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Jerry Pournelle, 8/7/1933 - 9/8/2017


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Science fiction writer Jerry Pournelle offered fact-based hope for our future

Glenn Harlan Reynolds

Sept. 11, 2017


Jerry Pournelle died on Friday, peacefully in his sleep. With his death, America lost an important figure.

Pournelle wrote many bestselling science fiction novels, both on his own and with Larry Niven. Of these, Lucifer’s Hammer and The Mote in God’s Eye, both major bestsellers, are probably the best known, though I think that artistically, Inferno — a reboot that I think Dante Alighieri himself would have approved — was the best. (Does a novel set in Hell count as science fiction? I don’t know, but it was exceptionally good).


But Pournelle didn’t just write fiction. His 1970 book with Stefan Possony, The Strategy of Technology, outlined a strategy for winning the Cold War (with among other things, an emphasis on strategic missile defense) that was largely followed, and successfully, by the Reagan administration. He was a driving force behind the Citizens Advisory Council on National Space Policy in the 1980s that helped lay the groundwork for today’s booming civilian space launch industry. And, for me, his wide-ranging columns in Galaxy Magazine, back when it was edited by star editor James Baen, were particularly influential.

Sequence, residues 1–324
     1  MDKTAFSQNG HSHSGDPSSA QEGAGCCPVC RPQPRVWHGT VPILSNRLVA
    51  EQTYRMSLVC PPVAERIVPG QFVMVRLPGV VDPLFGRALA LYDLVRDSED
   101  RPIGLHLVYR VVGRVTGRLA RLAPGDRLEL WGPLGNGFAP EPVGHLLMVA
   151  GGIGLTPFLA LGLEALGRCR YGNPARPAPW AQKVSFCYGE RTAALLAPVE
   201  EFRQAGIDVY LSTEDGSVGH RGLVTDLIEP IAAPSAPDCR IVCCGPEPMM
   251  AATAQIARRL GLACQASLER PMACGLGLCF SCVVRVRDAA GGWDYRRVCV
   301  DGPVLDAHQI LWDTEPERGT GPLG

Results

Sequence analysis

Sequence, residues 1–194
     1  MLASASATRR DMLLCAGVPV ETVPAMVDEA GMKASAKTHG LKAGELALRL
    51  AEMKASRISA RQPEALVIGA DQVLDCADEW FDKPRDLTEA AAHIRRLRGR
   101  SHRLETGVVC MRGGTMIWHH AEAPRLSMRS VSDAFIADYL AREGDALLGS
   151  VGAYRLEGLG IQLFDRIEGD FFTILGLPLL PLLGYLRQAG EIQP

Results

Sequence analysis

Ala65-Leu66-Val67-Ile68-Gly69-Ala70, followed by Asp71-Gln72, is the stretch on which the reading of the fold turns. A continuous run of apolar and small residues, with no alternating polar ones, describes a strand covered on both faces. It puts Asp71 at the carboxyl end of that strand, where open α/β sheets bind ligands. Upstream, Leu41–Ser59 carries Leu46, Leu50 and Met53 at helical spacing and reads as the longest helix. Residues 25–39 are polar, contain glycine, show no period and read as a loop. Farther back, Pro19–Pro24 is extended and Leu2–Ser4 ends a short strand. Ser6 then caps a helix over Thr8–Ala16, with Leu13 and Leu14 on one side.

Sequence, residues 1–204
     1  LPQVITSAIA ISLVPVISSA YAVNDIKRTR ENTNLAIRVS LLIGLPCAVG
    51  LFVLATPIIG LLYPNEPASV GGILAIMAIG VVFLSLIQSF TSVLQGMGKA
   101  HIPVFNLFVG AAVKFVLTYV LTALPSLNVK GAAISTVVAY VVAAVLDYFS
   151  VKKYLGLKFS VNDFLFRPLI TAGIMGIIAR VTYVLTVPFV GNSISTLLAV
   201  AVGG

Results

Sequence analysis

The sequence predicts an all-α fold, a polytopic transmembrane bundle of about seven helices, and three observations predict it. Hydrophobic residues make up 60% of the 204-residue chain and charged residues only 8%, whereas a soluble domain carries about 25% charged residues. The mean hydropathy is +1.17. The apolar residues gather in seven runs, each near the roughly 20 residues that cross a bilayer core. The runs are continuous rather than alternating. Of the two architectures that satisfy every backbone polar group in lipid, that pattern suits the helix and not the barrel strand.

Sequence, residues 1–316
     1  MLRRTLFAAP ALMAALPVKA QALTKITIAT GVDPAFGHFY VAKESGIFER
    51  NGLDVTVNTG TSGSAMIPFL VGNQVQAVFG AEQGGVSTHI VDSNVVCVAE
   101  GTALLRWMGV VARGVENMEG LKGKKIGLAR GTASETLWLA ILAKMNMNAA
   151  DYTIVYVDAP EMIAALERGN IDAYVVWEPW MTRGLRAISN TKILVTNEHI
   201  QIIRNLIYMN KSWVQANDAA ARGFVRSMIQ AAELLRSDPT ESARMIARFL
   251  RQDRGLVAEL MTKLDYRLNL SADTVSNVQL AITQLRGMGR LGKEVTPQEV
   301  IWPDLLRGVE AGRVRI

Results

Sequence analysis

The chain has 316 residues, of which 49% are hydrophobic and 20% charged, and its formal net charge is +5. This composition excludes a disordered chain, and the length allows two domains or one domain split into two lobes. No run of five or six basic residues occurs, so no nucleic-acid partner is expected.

This explains why the world is a bit grayer, duller today.  RIP Jerry

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